‘Highway toll tax higher than norms’
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A public interest litigation challenging the toll tax charged at barriers installed on the State Highway-24 was filed in the Punjab and Haryana High Court on Tuesday. Without issuing notices to the Punjab government, the High Court has directed the law officer to look into the matter.
In May 2005, the State Highway-24 (Balachaur-Garshanker-Hoshiarpur-Dasuya) was given to M/s Rohan Raj Deep Tollaways Ltd. on build, operate and transfer (BOT) basis at a cost of Rs 102.01 crore. The petitioner alleged that the agency was now recovering the cost of project (investment) along with profit and interest by imposing a toll tax for the next 17 years.
The BOT services were started on March 15, 2007, immediately after the new government took charge in the state. These barriers were installed after every 28-30 kilometres on Garshankar (Chankoya), Hoshiarpur (Chhagran) and Dasuya (Man Garh) roads.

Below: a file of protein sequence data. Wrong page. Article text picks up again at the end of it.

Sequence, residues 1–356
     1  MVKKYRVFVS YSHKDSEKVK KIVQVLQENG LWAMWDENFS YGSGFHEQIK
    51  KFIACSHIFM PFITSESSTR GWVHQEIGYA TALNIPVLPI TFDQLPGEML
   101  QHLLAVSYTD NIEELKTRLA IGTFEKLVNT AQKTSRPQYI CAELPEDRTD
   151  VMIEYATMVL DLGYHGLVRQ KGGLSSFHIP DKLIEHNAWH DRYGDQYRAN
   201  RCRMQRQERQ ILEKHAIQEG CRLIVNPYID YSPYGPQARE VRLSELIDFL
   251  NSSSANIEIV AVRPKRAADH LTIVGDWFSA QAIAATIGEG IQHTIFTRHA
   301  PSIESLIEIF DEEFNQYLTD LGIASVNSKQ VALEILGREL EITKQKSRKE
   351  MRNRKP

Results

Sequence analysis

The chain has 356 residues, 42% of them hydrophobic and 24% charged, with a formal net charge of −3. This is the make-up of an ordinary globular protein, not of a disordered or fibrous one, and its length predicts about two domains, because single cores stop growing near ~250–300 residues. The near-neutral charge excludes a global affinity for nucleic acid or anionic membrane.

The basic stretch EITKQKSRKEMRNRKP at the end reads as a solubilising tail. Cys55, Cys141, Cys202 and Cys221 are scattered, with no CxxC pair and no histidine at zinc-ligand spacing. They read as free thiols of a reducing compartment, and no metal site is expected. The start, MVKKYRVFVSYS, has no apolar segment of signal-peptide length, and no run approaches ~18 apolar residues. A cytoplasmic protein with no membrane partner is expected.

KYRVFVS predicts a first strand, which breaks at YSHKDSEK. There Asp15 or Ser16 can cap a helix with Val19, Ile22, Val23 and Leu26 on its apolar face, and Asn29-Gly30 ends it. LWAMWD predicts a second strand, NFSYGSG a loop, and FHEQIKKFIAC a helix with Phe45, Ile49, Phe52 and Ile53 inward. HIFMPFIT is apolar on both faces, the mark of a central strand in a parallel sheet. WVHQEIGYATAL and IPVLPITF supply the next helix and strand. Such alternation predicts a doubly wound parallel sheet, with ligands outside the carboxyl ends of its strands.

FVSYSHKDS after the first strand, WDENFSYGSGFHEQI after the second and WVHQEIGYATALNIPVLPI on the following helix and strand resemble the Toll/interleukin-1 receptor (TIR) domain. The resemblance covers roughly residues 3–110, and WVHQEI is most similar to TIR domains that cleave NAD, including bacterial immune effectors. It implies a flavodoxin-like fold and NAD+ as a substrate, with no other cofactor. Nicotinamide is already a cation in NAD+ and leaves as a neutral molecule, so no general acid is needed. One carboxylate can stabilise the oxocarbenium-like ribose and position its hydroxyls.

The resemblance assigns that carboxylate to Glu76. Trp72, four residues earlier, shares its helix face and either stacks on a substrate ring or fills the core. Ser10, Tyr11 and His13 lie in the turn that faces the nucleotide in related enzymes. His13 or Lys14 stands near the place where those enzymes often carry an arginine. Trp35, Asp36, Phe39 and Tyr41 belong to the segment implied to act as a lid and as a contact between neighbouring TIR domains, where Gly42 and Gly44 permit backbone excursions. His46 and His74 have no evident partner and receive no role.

The petitioner stated that the fee charged at the barriers was in complete violation of all the rules prescribed in The National Highways (Rate of Fee) Rules, 1997, and was also much more than what was prescribed in the rulebook.
It was further submitted that the company had put up another barrier on the Ropar-Balachar Road at Kathgarh and had started charging fees on different vehicles.
The petitioner added that the Comptroller and Auditor General of India (CAG) published its audit report on the awarding of State Highway No. 24, which stated that the Central Road Fund of Rs. 103.63 crore was available to the state, which was not availed by the state.
An objection was raised as to why this state highway was awarded to the company for Rs 102.01 crore when already enough amount was lying with the Central Road Fund, which later on due to non-availment was forfeited. The chief engineer of PWD replied that it was the prerogative of the state government to allot work on BOT basis. The CAG, however, did not accept this reply because the execution of road work on BOT basis had burden the public with toll tax, even though the state government had CRF credit which could have been availed.
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